Monday, May 16, 2022
HomeWWE | Pro WrestlingCM Punk's 434 Day WWE Championship Reign, A Look Back

CM Punk’s 434 Day WWE Championship Reign, A Look Back

CM Punk’s 434 days as WWE champion is a feat that may never be matched in the current era of World Wrestling Entertainment history. A look back shows a man that beat the odds and achieved more in 434 days than most superstars achieve in a career.

[adinserter block=”1″]Punk’s title reign in my mind can be summed up as a title reign that was never supposed to happen. A guy that looks like Punk, plays politics like Punk, and even wrestles like Punk does not the fit mold of what a WWE champion is meant to be when he took the title 434 days ago. Like Bret Hart and Shawn Michaels, Punk broke down walls and carved out a legacy that will be more appreciated in the coming years than it was at his time.

It is funny when you think of Punk as a heel WWE champion and where his title reign ranks among other former heel champions. It’s funny because when you break it down, Punk only had six months as a heel champion, and he wasn’t even a full-fledged heel for all of them. Punk’s heel title reign is a small window that featured only three key rivals during that time period.

The early portion of Punk’s reign was much more impressive in the ring than outside of the ring. Inside of the ring he had fantastic to excellent matches with Daniel Bryan, Chris Jericho, and even Dolph Ziggler. Even as he tore down the building and redeemed the title, he was still never given the full vote of confidence from WWE management. As great as Punk was in the ring, it was still the John Cena show.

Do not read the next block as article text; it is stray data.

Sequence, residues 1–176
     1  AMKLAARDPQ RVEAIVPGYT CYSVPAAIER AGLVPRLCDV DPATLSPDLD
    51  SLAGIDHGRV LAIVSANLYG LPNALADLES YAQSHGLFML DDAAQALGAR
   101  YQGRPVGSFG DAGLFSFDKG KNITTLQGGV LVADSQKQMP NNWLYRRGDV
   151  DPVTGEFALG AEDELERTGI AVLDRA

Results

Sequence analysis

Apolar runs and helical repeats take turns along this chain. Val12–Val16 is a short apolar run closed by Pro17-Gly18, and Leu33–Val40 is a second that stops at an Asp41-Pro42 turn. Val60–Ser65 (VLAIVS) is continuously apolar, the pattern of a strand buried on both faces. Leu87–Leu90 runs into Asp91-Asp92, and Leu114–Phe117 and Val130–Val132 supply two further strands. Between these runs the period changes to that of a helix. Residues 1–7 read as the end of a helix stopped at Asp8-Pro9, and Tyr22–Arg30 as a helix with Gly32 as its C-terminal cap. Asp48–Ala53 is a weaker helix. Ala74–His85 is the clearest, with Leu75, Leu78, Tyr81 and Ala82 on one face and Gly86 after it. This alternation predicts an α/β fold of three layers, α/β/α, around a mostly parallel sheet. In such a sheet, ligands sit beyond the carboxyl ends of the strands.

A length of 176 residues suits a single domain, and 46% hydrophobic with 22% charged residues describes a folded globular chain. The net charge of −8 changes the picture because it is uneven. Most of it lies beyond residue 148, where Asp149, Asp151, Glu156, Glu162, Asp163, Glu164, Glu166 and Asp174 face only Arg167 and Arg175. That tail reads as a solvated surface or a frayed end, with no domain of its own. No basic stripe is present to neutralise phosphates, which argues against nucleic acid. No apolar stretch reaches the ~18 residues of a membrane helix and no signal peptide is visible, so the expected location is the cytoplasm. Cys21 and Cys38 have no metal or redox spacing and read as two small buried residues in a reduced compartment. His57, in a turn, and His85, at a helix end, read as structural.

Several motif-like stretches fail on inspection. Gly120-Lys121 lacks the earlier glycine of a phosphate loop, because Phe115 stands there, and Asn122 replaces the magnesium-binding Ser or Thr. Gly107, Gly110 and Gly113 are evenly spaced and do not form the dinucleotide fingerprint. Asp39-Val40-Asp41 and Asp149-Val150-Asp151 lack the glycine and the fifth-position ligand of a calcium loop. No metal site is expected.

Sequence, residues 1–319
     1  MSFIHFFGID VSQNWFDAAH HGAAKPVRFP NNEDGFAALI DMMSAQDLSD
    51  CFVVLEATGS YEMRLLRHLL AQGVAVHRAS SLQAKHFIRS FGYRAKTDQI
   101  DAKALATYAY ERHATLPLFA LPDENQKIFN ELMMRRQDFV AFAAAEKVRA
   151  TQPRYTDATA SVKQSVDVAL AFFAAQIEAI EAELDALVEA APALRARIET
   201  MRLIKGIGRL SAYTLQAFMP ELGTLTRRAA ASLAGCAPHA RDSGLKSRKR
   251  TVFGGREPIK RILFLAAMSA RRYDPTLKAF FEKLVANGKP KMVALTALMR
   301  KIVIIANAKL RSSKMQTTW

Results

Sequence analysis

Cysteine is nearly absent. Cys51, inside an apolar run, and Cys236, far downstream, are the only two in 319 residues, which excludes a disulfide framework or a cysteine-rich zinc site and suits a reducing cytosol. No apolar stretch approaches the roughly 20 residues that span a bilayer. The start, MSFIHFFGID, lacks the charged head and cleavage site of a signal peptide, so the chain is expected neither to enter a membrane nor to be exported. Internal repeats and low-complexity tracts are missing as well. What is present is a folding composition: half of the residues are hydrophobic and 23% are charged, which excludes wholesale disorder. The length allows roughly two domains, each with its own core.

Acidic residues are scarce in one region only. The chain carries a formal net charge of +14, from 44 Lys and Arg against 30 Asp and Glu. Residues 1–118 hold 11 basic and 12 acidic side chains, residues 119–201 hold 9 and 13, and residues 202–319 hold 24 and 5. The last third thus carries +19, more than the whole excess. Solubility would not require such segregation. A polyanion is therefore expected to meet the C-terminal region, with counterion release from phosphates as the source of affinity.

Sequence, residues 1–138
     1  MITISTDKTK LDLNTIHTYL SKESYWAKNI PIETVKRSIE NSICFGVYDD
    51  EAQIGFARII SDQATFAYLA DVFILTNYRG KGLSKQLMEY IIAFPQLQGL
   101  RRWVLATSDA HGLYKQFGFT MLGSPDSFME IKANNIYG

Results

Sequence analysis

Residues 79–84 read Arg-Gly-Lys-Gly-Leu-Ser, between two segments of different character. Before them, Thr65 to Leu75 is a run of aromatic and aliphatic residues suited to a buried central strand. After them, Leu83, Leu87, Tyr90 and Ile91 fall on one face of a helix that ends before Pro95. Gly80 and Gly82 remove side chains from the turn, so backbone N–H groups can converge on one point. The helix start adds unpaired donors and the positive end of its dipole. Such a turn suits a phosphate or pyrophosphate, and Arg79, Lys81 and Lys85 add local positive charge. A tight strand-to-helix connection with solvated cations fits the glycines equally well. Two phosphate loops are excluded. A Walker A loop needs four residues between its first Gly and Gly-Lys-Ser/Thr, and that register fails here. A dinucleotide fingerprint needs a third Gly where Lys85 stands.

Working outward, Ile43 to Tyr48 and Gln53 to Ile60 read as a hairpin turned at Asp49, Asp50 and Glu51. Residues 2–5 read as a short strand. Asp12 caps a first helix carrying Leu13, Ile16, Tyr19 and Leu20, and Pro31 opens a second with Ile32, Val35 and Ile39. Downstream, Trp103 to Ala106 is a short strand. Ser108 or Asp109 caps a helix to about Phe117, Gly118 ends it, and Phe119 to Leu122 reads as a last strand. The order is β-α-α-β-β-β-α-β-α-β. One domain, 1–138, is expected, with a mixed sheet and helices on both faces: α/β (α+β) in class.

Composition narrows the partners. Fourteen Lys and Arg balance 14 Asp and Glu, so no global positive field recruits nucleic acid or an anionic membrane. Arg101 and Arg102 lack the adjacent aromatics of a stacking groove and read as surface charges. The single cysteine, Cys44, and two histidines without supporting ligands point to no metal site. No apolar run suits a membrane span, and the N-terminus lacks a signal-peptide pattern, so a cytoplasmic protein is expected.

I’ll give Punk a lot of credit. He could have basked in the glory of being second fiddle to John Cena. Hey, the number two babyface still sells a heck of a lot of merchandise. Instead, Punk wanted more and risked it all by turning heel. All of the momentum and good will he had built up from Money in the Bank 2011 would be mortgaged for the chance at opposing John Cena as the number one heel. The gamble paid off!

Evaluating Punk’s title reign is a very subjective argument. Punk fans love him and don’t want to use business in their evaluation of his championship run. I get it. But at the end of the day it is a business and as fun as Punk was for some of you, he was not a success financially as champion. The man never moved the needle whether it was a RAW rating or a pay per view buyrate. To me, that is the sign of success in pro wrestling, so in my eyes his title reign was a bit of disappointment.

I don’t want to bash Punk too much because what he accomplished was awesome. He broke through that thick glass window of WWE booking. We can sit here and run through the names of guys who were “given chances” to carry the ball over the last several years. They all failed and some aren’t even around anymore. Punk survived and scored with that ball in spite of management’s best efforts to reduce his title to second place on the cards behind Cena. I’m not a big Punk fan but he deserves a lot of credit for that.

[adinserter block=”2″]For some of you the 434 days were the best you ever experienced as a wrestling fan. I love to talk about Ric Flair who I enjoyed watching during my teenage years and in 20 years some of you will be talking about Punk’s 434 days with the same reverence. You just can’t put a price on that.

Will we look back in 20 years and declare Punk the genius he says we will see? I doubt it, but we will look back at the past 434 days as some of the most fun in this era of pro wrestling.

[amazon_link id=”B000G0O5G4″ target=”_blank” container=”” container_class=”” ]The History of the WWE Championship[/amazon_link]

[amazon_link id=”B008IG0ESG” target=”_blank” container=”” container_class=”” ]WWE: CM Punk – Best in the World[/amazon_link]

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  1. You make an interesting comparison with Punk, Hart, and Michaels. From the business end, none were terribly successful. But history does look favorably on Hart and Michaels as champs all these years later, so you might be right about Punk also getting that status. Let's face it, all three of those guys go against every gut instinct Vince has of big, muscular guys being his world champs. Every now and then Vince throws the fans a bone with someone out of that mold, but for the most part, in the last 30 years Vince hasn't changed his views of what the top dog should look like.


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